– these include communicating with the authorities and auditors, briefing senior management on all key issues on AML policies and key recommendations arising thereof;
– as such, his experience and expertise should include knowledge and understanding of all regulatory procedures, the details and methods commonly employed in such financial crimes and their impact on the charity’s image and well-being;
– therefore, it is important that the Officer is imbued with the necessary authority and training to get the job done.
c) Relevant Training Program for Employees.
– at the very least, each team member should have a basic understanding of AML procedures;
– however specific employees with greater responsibility should be required to implement the compliance program in their area of operational expertise;
– at the same time, a portfolio of well-designed programs can be offered to level up skill competencies to fit the required standards of deliverance;
– to be effective, any such program so designed should bear in mind the adage that “one size does not fit all “
– therefore, we should be prepared for any changes arising from such programs and keep records of all the training provided and the individuals who received them, such records forming the substantive basis for the compliance to the overall AML procedures.
d) Independent Audits.
– independent audits is the best means to test the effectiveness of compliance to AML procedures;
– an independent third-party external auditor who has the scope and skill to conduct a risk-based audit is the rule that is applicable in Singapore context;
– independent audits should be carried out once a year in conjunction with a companywide audit as required by The Charities Act;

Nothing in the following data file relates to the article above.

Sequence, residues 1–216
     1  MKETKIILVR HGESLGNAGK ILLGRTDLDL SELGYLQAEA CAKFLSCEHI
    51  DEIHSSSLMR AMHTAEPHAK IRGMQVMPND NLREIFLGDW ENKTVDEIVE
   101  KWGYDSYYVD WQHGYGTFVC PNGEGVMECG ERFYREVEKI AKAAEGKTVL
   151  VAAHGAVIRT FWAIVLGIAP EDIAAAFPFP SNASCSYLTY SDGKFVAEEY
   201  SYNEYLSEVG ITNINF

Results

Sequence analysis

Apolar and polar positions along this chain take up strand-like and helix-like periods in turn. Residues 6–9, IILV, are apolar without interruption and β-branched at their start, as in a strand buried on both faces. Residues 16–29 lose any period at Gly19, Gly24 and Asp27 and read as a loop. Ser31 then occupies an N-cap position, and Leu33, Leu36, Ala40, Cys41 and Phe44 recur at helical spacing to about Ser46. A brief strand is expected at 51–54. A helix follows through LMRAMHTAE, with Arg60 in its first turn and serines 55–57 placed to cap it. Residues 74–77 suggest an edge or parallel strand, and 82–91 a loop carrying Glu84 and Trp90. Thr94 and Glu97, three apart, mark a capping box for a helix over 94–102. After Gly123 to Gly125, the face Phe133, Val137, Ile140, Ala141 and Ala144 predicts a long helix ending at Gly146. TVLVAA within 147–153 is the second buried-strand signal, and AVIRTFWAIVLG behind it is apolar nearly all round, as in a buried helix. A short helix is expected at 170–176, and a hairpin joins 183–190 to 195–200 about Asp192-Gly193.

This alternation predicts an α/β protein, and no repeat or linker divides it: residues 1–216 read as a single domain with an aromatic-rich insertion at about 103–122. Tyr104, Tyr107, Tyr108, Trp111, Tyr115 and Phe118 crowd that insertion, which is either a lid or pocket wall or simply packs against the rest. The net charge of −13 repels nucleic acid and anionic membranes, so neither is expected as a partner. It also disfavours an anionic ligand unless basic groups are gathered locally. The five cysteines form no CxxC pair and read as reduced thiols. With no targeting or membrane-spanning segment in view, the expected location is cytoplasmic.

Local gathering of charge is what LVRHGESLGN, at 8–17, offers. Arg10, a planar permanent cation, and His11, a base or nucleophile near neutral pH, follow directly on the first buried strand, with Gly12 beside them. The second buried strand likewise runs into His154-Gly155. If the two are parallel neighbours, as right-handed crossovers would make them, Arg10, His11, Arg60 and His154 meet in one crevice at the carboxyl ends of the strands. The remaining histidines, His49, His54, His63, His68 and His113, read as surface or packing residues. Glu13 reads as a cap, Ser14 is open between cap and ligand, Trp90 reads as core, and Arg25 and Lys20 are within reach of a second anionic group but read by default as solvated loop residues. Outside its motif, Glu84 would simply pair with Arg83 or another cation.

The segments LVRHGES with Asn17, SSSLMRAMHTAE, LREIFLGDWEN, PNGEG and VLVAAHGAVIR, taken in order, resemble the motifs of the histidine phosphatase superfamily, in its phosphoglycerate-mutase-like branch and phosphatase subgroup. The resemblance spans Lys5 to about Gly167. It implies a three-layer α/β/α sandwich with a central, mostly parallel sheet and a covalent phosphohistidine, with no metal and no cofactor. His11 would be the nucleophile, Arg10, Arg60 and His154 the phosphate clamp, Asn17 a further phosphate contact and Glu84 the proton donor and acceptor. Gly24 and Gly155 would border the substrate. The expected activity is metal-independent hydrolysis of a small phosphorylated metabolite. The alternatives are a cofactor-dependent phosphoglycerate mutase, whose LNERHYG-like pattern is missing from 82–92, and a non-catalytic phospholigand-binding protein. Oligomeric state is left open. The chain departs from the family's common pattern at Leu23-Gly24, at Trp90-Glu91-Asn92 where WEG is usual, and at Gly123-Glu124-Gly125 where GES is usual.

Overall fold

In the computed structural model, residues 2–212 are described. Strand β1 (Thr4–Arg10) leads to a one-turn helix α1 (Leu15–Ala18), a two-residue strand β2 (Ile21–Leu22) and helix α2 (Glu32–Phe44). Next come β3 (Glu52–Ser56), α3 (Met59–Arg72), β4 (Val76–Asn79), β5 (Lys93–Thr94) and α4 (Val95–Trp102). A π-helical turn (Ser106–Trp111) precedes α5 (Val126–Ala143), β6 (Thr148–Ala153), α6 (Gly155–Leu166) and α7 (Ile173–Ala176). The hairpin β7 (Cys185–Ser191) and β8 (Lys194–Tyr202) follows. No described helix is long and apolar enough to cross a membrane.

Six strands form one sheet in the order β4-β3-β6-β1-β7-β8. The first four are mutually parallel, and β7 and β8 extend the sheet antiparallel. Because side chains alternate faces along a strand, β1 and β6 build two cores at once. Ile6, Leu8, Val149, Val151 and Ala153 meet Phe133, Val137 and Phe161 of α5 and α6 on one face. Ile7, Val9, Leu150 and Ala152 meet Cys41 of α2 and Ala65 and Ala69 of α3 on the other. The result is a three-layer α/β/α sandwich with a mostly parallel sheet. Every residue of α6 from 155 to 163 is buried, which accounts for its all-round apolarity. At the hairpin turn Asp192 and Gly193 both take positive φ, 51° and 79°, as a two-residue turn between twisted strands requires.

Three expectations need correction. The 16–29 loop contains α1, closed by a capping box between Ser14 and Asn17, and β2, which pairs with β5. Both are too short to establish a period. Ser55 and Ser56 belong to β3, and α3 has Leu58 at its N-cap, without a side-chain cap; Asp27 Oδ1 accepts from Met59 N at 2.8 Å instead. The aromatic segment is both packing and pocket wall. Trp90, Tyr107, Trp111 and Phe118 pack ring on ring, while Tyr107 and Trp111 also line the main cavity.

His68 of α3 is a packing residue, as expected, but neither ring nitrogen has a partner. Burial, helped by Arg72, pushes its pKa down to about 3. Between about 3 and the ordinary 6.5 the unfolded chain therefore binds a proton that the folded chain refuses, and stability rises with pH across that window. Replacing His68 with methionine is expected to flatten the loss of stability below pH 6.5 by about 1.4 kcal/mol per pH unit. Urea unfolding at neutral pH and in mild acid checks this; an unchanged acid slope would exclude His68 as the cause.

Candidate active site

– the annual review as carried out by the external auditor shall be able to confirm that the program is working, all internal controls are in place, and that all risks are properly evaluated.
e) Customer Due Diligence.
– is central to Singapore’s effective AML and Counter Terrorism Finance regime;
– it protects the integrity of all businesses, financial institutions, and the economy. Without this due diligence, institutions can become subject to misuse for purposes of money laundering, terrorism financing and corruption.
– what does the process of CDD entail.
– what supporting documents are required for the due diligence process?
. passport and/or NRIC of individuals
. supporting documents such as utility bills, bank statements etc of individual
. details of the firm’s business and ownership structure
. recent and current financial statements.
These documents, as well as information from other regulated persons, help to verify the identity, ownership and control structure of the customer as required by legislation.
Business transparency is important for the success and sustainability of a charity such as ourselves and this has resulted in the upgrading of this agenda to the top of many charities. A robust monitoring system reduces the misuse of corporate vehicles for money laundering or terrorism financing and increases the trust in Singapore businesses across the board. Charities operating here can also contribute to the integrity and stability of Singapore’s financial system. Contributing to an environment of trust and transparency is no longer a matter of PR, but a significant driver of growth.
Current STR process (Updated 2022)
1. Donor relations officer will liaise with Finance offer on all incoming funds
2. Transactions will be tracked based on donor information via ERP / CRM system
3. Finance officer reviews all funds via the system
4. Should any transactions not correspond with information from the Donor relations officer or cannot be tracked, both officers and the Executive Director will conduct an investigation of funds transfer via bank records and corresponding emails
5. Should there be missing data / untraceable, they will be deemed suspicious and we will submit a report to SONAR https://eservices.police.gov.sg/content/sonar/homepage.external.html